Kumano to Koya self-guided walking 5 days

A new challenge on the ancient Kumano Kodo trail, from Hongu Taisha Grand Shrine to Mount Koya

Highlights

  • Village to village walking on rural sections of the Kumano Kodo Kohechi pilgrimage trail
  • Stay at an authentic Shukubo pilgrims lodging on Mount Koya
  • Bathe in the thermal waters at two hot-spring Onsen inns
  • Enjoy wonderful views over valleys and mountains each day
  • Experience the warmth of local hospitality at a family-run Minshuku guesthouse
  • Excellent Japanese cuisine, freshly-prepared with local ingredients
The Kii Peninsula points south away from Kyoto and Osaka and is one of the most remote and mystical areas of Japan, despite its proximity to these great cities. Long a place of pilgrimage, the Kii Peninsula is the site of the three Grand Shrines of Kumano (Kumano Sanzan). From the 11th century, successive emperors and their families made the long and difficult pilgrimage from Kyoto to Kumano. Several pilgrimage trails were established, among them the Nakahechi-do, Kohechi-do and Ohechi-do, collectively known as the Kumano Kodo ('Old Road of Kumano'). The Kumano Kodo Kohechi trail is the shortest route between the mountain-top Buddhist temple complex of Mount Koya and the Kumano Hongu Taisha Shrine, spiritual centre of the Kii Peninsula. A UNESCO World Heritage area, the Kohechi trail covers some of the most strenuous Kumano Kodo sections over a total distance of 70km / 44 miles. Our walk visits the most scenic parts, from the Kumano Hongu Taisha Shrine in the south all the way through to atmospheric Mount Koya, passing through rural forest trails and scenic villages. The trail offers local overnight stays in traditional hot-spring Onsen Ryokan, an intimate Minshuku farm stay and an atmospheric Shukubo pilgrim's lodging featuring traditional Buddhist vegetarian cuisine Shojin Ryori.
The Kii Peninsula points south away from Kyoto and Osaka and is one of the most remote and mystical areas of Japan, despite its proximity to these great cities. Long a place of pilgrimage, the Kii Peninsula is the site of the three Grand Shrines of Kumano (Kumano Sanzan). From the 11th century, successive emperors and their families made the long and difficult pilgrimage from Kyoto to Kumano. Several pilgrimage trails were established, among them the Nakahechi-do, Kohechi-do and Ohechi-do, collectively known as the Kumano Kodo ('Old Road of Kumano'). The Kumano Kodo Kohechi trail is the shortest route between the mountain-top Buddhist temple complex of Mount Koya and the Kumano Hongu Taisha Shrine, spiritual centre of the Kii Peninsula. A UNESCO World Heritage area, the Kohechi trail covers some of the most strenuous Kumano Kodo sections over a total distance of 70km / 44 miles. Our walk visits the most scenic parts, from the Kumano Hongu Taisha Shrine in the south all the way through to atmospheric Mount Koya, passing through rural forest trails and scenic villages. The trail offers local overnight stays in traditional hot-spring Onsen Ryokan, an intimate Minshuku farm stay and an atmospheric Shukubo pilgrim's lodging featuring traditional Buddhist vegetarian cuisine Shojin Ryori.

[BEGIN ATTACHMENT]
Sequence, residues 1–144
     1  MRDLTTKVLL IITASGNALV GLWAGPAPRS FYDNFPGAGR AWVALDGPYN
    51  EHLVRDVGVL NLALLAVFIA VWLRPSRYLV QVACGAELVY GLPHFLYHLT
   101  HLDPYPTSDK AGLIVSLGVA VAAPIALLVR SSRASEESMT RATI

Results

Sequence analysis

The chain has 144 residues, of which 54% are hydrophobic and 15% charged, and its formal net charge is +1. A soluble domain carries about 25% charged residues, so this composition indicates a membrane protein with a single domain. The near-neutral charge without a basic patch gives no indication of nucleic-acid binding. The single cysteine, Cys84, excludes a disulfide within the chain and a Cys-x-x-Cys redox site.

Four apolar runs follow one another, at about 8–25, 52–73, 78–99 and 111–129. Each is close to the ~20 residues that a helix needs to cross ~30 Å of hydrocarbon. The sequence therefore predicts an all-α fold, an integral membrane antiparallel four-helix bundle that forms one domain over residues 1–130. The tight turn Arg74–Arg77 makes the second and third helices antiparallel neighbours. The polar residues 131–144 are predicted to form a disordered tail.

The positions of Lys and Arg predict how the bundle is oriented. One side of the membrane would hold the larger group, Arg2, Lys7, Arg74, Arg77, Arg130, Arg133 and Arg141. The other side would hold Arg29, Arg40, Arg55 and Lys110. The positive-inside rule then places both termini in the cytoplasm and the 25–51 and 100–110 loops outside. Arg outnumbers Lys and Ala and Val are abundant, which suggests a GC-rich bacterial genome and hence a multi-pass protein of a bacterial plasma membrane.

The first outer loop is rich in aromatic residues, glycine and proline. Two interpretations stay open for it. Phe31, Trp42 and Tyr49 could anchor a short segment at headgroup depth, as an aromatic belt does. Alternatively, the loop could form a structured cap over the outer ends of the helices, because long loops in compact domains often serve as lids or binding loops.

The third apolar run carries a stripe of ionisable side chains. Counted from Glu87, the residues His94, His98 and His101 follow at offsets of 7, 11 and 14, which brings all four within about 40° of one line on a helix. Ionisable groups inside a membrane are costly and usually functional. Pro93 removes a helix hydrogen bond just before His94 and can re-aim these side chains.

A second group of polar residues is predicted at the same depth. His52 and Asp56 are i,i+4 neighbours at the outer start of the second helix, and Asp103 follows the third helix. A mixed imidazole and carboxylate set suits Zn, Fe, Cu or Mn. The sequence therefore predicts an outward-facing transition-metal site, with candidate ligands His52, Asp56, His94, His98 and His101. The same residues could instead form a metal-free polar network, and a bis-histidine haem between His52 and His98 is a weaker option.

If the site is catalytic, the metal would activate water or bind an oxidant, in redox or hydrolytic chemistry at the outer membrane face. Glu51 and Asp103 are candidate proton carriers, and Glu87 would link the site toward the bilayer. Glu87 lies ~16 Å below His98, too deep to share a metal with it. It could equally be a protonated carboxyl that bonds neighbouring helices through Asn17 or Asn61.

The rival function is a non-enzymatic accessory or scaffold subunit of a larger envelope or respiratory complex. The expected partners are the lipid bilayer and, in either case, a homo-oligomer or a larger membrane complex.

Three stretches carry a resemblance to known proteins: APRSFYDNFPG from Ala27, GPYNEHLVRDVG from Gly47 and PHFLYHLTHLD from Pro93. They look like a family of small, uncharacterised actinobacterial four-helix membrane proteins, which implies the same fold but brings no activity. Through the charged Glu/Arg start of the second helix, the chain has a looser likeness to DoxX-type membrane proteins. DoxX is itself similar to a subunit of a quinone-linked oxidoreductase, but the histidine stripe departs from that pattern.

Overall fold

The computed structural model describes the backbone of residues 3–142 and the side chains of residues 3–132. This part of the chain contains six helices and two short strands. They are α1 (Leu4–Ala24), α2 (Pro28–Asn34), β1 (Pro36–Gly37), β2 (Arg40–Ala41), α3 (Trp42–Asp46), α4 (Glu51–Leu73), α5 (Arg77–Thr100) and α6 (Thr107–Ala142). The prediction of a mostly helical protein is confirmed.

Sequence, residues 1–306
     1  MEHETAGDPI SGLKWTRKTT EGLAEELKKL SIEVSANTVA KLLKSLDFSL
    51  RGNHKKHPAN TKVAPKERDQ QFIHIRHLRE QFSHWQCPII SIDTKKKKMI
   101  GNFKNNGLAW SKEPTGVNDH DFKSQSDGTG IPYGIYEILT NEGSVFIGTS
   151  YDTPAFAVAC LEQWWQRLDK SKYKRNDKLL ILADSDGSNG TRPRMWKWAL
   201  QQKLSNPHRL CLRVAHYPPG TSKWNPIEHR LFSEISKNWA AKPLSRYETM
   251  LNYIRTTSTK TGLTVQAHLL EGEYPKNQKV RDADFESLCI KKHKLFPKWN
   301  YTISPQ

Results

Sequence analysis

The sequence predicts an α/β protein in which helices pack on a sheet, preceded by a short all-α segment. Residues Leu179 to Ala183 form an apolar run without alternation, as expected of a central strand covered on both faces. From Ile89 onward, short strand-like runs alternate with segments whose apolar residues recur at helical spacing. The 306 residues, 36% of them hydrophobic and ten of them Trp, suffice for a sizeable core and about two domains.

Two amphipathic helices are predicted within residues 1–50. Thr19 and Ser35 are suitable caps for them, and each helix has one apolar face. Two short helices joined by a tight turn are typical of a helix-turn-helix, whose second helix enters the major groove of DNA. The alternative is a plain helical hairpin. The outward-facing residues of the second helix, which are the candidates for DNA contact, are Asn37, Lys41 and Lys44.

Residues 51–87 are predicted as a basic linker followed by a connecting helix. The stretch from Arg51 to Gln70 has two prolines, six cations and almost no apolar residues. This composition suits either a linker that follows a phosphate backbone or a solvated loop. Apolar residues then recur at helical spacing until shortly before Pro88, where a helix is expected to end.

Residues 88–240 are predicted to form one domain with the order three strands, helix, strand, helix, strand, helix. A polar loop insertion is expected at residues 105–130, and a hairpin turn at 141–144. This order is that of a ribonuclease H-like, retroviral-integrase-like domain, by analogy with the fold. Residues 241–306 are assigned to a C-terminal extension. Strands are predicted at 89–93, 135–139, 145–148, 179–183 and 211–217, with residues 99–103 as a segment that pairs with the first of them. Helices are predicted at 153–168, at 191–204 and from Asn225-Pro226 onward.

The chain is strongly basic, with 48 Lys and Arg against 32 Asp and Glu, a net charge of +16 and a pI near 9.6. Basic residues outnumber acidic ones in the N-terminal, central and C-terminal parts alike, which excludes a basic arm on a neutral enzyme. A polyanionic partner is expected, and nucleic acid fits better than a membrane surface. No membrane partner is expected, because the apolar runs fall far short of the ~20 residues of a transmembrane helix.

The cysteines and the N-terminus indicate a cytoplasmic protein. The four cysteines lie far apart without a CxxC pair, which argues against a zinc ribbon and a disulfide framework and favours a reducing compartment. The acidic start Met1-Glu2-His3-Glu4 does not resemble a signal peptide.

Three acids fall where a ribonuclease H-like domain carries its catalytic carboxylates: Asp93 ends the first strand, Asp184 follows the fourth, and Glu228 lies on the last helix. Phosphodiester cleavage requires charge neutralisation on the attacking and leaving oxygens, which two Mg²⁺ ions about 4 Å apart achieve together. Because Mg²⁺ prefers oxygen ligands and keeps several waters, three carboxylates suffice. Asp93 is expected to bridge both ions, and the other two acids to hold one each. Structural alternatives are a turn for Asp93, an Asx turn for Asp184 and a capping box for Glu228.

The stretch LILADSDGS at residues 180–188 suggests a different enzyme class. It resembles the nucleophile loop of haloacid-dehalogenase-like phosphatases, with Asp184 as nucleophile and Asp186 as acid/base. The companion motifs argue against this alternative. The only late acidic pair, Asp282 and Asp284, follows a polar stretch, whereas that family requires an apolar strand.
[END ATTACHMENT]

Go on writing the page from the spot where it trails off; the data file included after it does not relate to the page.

Our self-guided Kumano to Koya tour begins with an early-morning train journey from Osaka or Kyoto. If you are coming from further afield, or prefer a more leisurely start, we recommend adding an overnight stay near the start of the trail in the picturesque hot-spring village of Yunomine Onsen or nearby Kawayu Onsen.

Please ask for information about our tour extensions - you might like to add a second night at the pilgrims lodgings in the mountain-top temple town of Mount Koya at the end of our Kumano to Koya self-guided walk, or to extend your trip with a stay in the peaceful, agricultural community of Asuka at a charming Japanese guesthouse or with a local family for a unique homestay experience.

This tour offers more advanced hiking. Please see here for trips best suited to families.

 

Read about luggage options here.

 

 Downloadable PDF itinerary

What′s included

  • 4 nights at Japanese inns along the Kumano Kodo Kohechi trail
  • 4 breakfasts, 3 lunches and 4 dinners
  • Round-trip train tickets from Kyoto or Osaka
  • Detailed day-by-day itinerary and walking directions
  • Topographical maps
  • Local support by telephone and at our Kumano Kodo branch

What′s not included

  • Flights
  • Airport transfers
  • Pay locally for drinks with meals
  • Pay locally for bus journeys on Days 1, 2 and 5
  • Single room supplement(s) if required

Day 1 Hike from Yagio to Totsukawa Onsen

From Osaka or Kyoto, head south by train to Kii-Tanabe and onwards by bus to Hongu Taisha Grand Shrine, spiritual centre of the Kii Peninsula and the start of the Kohechi trail. Take a short pre-booked and pre-paid taxi ride to Yagio where your walk on this ancient route begins. Follow a wonderful forested trail over Hatenashi-toge Pass with excellent valley views, fascinating cultural monuments (including a miniature Kannon statue pilgrimage) and picturesque villages. A brief bus ride avoids a short final stretch on a busier road at the very end of the walk. Finish the day with a relaxing thermal bath at your inn for tonight in Totsukawa Onsen.